Reverse Sneezing in Dogs: Observational Study in 30 Cases

Jesús Talavera*, Sebastián Marcos, Giorgia Santarelli, Ignacio Barrales, Fernández del Palacio

*Corresponding author for this work

Research output: Contribution to journalArticleAcademicpeer-review

Abstract

Reverse sneezing (RS) is a frequent reason for veterinary consultation, but there is scarce clinical information. The aim of this study was to describe clinical characteristics in a cohort of 30 dogs with RS. Signalment, clinical features, results of diagnostic tests, final diagnosis, and evolution were retrospectively evaluated. Sex and neuter status were equally distributed into diagnosis categories. A significantly higher representation of toys (<5 kg, 50%) and small-sized dogs (5-15 kg, 27%), in comparison to medium (15-30 kg, 17%) and large-sized dogs (>30 kg, 7%), was found. RS was the main owner concern in many of the cases (67%). Many cases presented chronic RS (60%, > 3 months), with more than one episode a week (60%). Most cases had an additional clinical respiratory sign (63%) and an unremarkable physical examination (63%). Inflammatory airway disorders were present in 57% of the cases, followed by anatomical-functional disorders (27%), and nasal/nasopharyngeal foreign bodies (10%). Two dogs (7%) remained as open diagnoses. Episodes of RS were persistent despite the treatment in 61% of the dogs with follow-up. Although some dogs manifest infrequent episodes of RS, being otherwise normal, RS should be considered a marker of potential irritation of the nasopharyngeal mucosa and should always be sufficiently investigated.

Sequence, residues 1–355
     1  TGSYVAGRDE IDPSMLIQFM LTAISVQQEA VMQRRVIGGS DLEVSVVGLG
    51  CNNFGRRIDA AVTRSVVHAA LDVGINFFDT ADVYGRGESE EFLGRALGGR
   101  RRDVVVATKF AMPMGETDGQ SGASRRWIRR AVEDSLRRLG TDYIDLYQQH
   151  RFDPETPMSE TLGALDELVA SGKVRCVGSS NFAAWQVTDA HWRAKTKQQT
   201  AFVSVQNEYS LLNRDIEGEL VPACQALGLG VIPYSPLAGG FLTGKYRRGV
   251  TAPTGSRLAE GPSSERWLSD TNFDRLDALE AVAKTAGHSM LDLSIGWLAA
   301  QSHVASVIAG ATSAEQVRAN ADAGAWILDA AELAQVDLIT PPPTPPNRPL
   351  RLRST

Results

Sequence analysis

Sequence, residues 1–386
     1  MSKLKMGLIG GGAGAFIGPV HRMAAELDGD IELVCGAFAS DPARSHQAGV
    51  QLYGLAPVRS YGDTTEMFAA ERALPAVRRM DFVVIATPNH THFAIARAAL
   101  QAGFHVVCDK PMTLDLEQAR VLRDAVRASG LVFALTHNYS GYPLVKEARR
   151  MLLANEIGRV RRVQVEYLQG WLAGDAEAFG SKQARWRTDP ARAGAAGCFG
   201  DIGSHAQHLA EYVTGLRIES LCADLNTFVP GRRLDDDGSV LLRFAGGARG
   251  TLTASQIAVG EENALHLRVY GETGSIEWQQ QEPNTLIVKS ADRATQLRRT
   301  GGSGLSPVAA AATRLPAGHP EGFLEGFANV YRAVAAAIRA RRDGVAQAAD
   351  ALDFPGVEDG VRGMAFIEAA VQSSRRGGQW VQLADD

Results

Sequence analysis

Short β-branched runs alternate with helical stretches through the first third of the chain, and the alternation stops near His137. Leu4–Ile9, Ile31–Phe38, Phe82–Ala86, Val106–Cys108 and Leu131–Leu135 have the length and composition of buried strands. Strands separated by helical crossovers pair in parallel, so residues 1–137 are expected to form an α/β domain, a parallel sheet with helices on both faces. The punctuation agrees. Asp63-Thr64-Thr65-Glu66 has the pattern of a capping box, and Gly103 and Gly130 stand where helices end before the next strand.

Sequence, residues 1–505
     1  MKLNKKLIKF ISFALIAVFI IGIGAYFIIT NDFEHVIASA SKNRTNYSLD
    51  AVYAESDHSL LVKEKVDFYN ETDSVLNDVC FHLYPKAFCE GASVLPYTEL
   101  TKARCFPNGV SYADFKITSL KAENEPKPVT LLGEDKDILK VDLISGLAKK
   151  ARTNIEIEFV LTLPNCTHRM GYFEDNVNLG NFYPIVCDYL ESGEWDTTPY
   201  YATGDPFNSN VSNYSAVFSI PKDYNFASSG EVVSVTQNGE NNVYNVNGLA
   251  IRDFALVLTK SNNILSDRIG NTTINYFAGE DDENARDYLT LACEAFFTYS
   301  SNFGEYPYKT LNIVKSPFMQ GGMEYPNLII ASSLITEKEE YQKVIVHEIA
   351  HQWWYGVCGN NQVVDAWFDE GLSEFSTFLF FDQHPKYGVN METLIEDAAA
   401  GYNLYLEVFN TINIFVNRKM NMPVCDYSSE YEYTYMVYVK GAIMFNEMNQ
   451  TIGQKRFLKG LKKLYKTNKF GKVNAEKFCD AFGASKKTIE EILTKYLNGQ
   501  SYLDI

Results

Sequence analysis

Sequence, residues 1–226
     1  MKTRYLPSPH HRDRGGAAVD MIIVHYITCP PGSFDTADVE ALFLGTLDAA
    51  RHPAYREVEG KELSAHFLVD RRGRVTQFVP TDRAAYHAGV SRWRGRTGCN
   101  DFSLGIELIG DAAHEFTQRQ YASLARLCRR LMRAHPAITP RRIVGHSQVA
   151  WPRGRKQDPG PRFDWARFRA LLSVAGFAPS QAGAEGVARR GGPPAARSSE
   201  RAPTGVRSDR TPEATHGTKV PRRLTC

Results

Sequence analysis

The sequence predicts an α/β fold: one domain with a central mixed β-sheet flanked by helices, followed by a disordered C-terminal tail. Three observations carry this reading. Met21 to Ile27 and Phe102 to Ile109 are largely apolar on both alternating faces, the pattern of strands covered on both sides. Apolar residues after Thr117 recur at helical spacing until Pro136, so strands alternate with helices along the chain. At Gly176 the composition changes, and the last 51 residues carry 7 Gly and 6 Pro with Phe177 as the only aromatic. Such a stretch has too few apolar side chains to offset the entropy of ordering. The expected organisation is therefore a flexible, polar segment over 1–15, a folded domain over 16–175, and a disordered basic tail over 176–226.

Original languageEnglish
Article number665
Pages (from-to)1-11
JournalVeterinary Sciences
Volume9
Issue number12
DOIs
Publication statusPublished - 29 Nov 2022

Keywords

  • aspiration reflex
  • canine
  • nasopharynx
  • respiratory disease
  • upper airway

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